“I am a stickler for routine,” Indu Antony says. “I am up by 4am to feed the cat, water the 400 plants I have collected over the years, and brew my coffee, which I am very particular about.” Born in Thrissur, Kerala, Antony now lives in Bangalore, where she works between her home-studio and Kanike, the community arts centre she co-founded in 2019.
Antony creates spaces to discuss difficult topics. “I felt uncomfortable about certain things, and I wanted to find a way to speak about them,” Antony tells us. This applies to both her work that explores gender, social justice and public access rooted in her communities, and Kanike which serves as a space for not just artists but people from around the neighbourhood, and people who would not otherwise be involved in arts spaces. Here, Antony also spends time with women and children from anganwadis or child daycare centers in the area, spending leisure time with them, playing games and swinging on swings. “There are no public spaces in my area that anyone other than cis-hetero men can freely use,” Antony says, explaining the rationale behind Kanike.
The artist brings back these shared experiences of the city to her home-studio, which for her is like a “3D moodboard”. “I am always walking around the city and its markets,” she says, “collecting objects that I could potentially use for my work. All the materials in my studio are arranged in such a way that I can pick through them whenever I have an idea. It is a museum of sorts.”
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Antony begins with an idea. “For me, the concept comes first and I choose the medium after that,” she says. It is equally important to present her ideas and work in ways that directly engage the communities that surround her. “I am conscious that my art should appeal to people beyond a certain section of society who have read the ‘right’ books and have the ‘right’ education,” she explains. “The aim is to make works that speak to not just the people who visit galleries, but also the everyday person who lives in, say, my lower middle class Bangalore neighbourhood.”
Known for her series of staged photographs created in the beginning of her career, Antony has been exploring new mediums in recent years. “I stopped actively making digital photographs four or five years ago. I was having a resistance to the quickness of the medium,” she says. “Instead, I wanted to work with mediums that allowed me to be slower, repetitive and more meditative. I started making my own salt prints, a centuries-old way of developing prints, each of which took 8 hours to make, and I made 83 of them!” For Antony, the slower analogue processes meant more control over every element and every gesture. She says, “The longer the process the more exciting it is for me. I want to create the space for myself to question every material I am touching, and question why I am using anything I am using. Everything has to work in harmony, only then does the work start falling into place.”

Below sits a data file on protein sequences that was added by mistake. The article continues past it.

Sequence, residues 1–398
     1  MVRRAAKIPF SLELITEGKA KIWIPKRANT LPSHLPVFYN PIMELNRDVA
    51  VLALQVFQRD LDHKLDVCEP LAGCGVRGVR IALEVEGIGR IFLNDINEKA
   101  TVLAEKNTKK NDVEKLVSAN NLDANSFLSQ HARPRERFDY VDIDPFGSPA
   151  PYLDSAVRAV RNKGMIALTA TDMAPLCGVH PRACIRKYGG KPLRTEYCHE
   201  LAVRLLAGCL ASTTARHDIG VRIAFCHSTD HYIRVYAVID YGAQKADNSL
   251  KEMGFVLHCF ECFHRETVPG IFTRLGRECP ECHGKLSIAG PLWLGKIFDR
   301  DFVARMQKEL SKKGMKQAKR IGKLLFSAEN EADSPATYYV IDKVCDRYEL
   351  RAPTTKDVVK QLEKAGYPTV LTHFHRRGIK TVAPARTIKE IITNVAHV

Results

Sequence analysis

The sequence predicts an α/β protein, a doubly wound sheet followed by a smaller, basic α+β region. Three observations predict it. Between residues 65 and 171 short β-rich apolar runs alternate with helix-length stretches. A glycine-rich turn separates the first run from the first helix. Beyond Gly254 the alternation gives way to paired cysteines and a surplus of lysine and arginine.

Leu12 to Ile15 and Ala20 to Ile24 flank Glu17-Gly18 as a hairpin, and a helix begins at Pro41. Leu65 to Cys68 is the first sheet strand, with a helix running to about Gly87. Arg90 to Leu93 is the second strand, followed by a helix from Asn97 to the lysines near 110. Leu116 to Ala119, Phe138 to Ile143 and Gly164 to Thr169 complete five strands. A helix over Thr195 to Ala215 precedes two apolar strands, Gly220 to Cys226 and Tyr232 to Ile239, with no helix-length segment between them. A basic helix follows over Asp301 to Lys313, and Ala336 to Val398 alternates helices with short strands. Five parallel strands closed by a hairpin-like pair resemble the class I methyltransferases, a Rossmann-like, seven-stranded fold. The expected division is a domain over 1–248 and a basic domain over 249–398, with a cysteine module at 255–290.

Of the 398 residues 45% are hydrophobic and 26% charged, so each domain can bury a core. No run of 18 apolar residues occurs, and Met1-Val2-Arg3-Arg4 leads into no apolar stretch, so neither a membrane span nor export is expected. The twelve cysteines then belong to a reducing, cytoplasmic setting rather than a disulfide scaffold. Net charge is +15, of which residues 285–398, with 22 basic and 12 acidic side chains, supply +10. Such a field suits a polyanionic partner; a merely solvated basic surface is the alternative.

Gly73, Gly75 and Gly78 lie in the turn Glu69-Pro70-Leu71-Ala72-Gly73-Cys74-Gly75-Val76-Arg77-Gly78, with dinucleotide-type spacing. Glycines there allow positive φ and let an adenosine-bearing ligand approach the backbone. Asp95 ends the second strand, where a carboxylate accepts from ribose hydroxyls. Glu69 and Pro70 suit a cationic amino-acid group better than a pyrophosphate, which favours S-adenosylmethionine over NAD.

“I am conscious that my art should appeal to people beyond a certain section of society who have read the ‘right’ books and have the ‘right’ education.”
Through her career beginning with the bold staged photographs and her more recent multi-media installations, gendered life and gender-based violence has been a central theme. In her project about eve-teasing, Names They Called, for instance, Antony takes words used derogatorily against women and stitches them on cloth with her own hair as the thread. The works become quiet recuperations of words with sexual overtones used to objectify women, like the Malayalam word kambi literally translating to ‘iron rod’ or charakku meaning a ‘cauldron’ or a ‘consignment good’. Antony says, “I am somebody who does not forget. I had been collecting my fallen hair for 7 to 8 years, and one day started using it to stitch. Hair was the perfect medium and metaphor to rewrite about these memories.”
Antony is currently working on creating a ‘smell map’ of Bangalore — a physical archive of the particular smells of the city, captured in the form of a book with no visuals. She is also currently working with Bangalore art institutions like the brand new Museum of Art and Photography to interpret their extensive collections, and Mazhi Books, with whom she is organising a three-month long zine festival. She is also in the process of opening Namma Katte, a corner shop in her neighbourhood for food, art and community.
Indu Antony lives and works in Bangalore, is the founder of Kanike Studio and Mazhi Books, and will be showing her newest works at India Art Fair 2022. Her downloadable artist poster features a staged photograph from her series on drag queens titled, Bitch, Please!.